Five Guidelines to Prevent Failed Cross-Border Deals
By Anthony Bahr
Posted: 24th July 2018 08:33Over the past decade, there has been a drastic increase in both the number and the value of cross-border mergers and acquisitions. Today, cross-border deals account for roughly 40% of global M&A activity, and there is little evidence to suggest this trend has plateaued as acquirers continuously evaluate new growth and diversification opportunities outside of their home markets.
Unfortunately, it is well documented that most of these deals fall short of expectations. Failure rates are pegged anywhere between 70% and 90%, leaving only a handful of deals that actually enhance shareholder value. What is less documented however, are the underlying causes for failed cross-border M&A activity. “Integration issues” are commonly cited, but what does that really mean? And how can acquirers structure due diligence to reduce the chance of failure?
A recent survey of Fortune 500 CFOs found that one of the most critical components of a successful integration is “customer retention and expansion”. The same survey also found this to be one of the most challenging integration aspects to manage.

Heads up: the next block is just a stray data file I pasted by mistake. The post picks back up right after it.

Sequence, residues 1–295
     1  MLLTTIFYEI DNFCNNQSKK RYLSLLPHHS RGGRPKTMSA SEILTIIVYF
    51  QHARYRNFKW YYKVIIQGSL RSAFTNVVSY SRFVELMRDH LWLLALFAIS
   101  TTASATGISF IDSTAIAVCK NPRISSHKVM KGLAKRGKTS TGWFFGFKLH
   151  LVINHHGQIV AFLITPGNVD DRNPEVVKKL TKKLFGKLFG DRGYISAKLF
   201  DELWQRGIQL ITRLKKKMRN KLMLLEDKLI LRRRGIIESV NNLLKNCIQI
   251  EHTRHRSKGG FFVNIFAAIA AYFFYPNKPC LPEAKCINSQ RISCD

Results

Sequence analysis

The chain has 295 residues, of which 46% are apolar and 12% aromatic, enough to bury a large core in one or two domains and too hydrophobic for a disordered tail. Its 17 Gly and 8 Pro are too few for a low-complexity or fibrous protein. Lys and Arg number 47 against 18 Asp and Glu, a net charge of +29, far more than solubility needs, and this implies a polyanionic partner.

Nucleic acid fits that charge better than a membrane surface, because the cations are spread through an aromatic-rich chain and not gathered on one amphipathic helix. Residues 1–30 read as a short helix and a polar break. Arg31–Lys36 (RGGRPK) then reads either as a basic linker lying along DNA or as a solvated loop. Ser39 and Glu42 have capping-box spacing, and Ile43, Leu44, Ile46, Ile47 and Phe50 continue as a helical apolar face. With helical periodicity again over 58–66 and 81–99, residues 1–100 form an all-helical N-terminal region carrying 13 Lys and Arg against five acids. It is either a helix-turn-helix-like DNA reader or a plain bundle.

Based on our experience conducting customer due diligence on behalf of global private equity firms and strategic acquirers, we have developed five guidelines for improving customer retention and expansion in order to increase the odds of a successful cross-border deal.
1. Determine the degree of customer loyalty.
One critical component of a customer diligence initiative is the Net Promoter Score® (NPS®) to determine if a customer is a “Loyal,” “Passive,” or “Detractor.”
Our clients are often surprised to find that among their top quartile of customers by revenue, a majority fall into the Passive segment, meaning they are somewhat satisfied but not necessarily loyal or willing to refer the business to a colleague. More concerningly, we frequently find a handful of top customers are Detractors; they report serious barriers to satisfaction and are at risk of leaving for a competitor.
The implications for acquirers are two-fold. First, the fact that top revenue generators are at risk of either lower share of wallet (Passives) or pulling their business outright (Detractors) has a material impact on Quality of Earnings estimates, which should make acquirers think twice about the target company’s valuation.
Second, assuming the deal closes, acquirers should immediately address the concerns raised by Passives and Detractors during the diligence process in order to retain these critical accounts.
2. Verify the company is providing a consistent customer experience.